Civil War Sea Battles: Seafights and Shipwrecks in the War between the States

Civil War Sea Battles: Seafights and Shipwrecks in the War between the States

Civil War Sea Battles: Seafights and Shipwrecks in the War between the States

Civil War Sea Battles: Seafights and Shipwrecks in the War between the States

Synopsis

This latest volume in the Civil War Guides series examines the major operational challenges confronting American naval commanders, including ironclads, sail versus steam, foreign intervention and many others.

Excerpt

The Civil War occupies a unique place in America's heart and mind. the turning point in this country's development, it was the logical and inevitable culmination of the principle that a nation which bases its ideals on individual liberty must inevitably extend that liberty to all, regardless of the cost. Since the war was to a large extent a war of volunteers, those who served looked upon their service with pride. One of the more prominent, Oliver Wendell Holmes, told us, "Our hearts were touched with fire" and these sentiments still survive, as witness the continuing interest in all aspects of the war.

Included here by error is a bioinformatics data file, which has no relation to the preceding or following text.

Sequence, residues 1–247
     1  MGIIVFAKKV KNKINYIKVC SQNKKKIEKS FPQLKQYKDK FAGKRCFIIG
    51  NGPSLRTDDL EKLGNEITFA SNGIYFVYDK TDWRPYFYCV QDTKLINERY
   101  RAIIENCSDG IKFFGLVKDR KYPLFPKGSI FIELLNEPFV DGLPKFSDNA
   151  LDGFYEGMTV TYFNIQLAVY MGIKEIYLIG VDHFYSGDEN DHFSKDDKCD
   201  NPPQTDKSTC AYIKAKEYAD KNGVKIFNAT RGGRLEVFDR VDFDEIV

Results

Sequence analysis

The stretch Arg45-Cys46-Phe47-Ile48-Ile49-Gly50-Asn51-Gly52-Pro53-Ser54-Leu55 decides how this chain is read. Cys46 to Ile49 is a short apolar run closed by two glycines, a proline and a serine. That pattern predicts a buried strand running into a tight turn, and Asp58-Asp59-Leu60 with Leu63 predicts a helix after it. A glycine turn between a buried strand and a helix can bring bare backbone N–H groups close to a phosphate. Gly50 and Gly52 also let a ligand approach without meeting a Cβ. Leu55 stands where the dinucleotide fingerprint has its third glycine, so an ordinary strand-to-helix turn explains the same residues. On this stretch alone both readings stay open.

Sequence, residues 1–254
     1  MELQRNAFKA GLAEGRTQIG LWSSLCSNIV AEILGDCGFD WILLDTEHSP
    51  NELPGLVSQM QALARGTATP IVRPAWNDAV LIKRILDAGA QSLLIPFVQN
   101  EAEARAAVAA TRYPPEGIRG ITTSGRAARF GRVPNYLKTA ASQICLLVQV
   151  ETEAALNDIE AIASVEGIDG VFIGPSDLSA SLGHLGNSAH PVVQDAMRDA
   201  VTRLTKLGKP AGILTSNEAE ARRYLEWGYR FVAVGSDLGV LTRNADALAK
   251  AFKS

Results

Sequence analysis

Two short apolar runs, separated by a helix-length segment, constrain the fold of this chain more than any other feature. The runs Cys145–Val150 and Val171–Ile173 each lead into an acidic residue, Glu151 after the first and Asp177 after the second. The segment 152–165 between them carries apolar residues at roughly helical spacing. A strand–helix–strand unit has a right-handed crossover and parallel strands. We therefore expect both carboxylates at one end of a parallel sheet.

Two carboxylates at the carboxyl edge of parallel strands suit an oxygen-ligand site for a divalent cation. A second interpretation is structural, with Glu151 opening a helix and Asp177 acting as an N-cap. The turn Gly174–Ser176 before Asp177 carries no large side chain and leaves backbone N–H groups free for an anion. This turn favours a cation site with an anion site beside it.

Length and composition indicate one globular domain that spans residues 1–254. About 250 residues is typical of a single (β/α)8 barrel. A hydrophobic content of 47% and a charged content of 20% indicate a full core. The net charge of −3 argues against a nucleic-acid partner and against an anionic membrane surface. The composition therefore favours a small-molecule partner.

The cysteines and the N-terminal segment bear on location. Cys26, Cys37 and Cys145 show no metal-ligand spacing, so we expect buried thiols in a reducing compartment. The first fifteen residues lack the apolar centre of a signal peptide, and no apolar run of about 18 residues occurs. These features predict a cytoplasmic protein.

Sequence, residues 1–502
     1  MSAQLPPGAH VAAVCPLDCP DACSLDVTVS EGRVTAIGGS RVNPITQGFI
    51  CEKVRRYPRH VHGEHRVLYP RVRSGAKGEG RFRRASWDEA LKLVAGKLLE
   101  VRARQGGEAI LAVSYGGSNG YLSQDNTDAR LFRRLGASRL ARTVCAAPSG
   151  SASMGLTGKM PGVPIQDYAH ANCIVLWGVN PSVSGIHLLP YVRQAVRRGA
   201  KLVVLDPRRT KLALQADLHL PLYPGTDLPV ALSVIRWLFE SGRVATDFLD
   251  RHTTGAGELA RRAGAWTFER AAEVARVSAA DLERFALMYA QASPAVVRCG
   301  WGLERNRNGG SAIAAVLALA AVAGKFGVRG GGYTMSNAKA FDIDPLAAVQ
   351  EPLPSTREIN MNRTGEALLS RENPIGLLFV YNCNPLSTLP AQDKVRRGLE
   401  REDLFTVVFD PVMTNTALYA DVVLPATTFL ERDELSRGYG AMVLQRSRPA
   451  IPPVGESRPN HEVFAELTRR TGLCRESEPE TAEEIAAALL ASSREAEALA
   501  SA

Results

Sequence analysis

The United States Navy grew from 1457 officers and 7,600 men in 1861 to 5,750 officers and 51,500 men in 1865. the vast majority of all ranks was drawn from the professional seamen of the day, either regular navy or the merchant service. They fought the war as well as they knew how and that was very well indeed. They also reported it to their superiors in the language of the time, and they did that very well also. We are fortunate that their language was so simple and clear that it reads today as easily as when it was written. It is from these reports that the following stories were taken. Many of these documents reveal intimate and fascinating details of the events themselves in language striking in its straightforwardness. To anyone accustomed to the technical idiom of the modern military jargon, it is refreshing in its clarity and lack of inhibition. Possibly they had more time to compose their thoughts free from the pressures of modern society, but . . .

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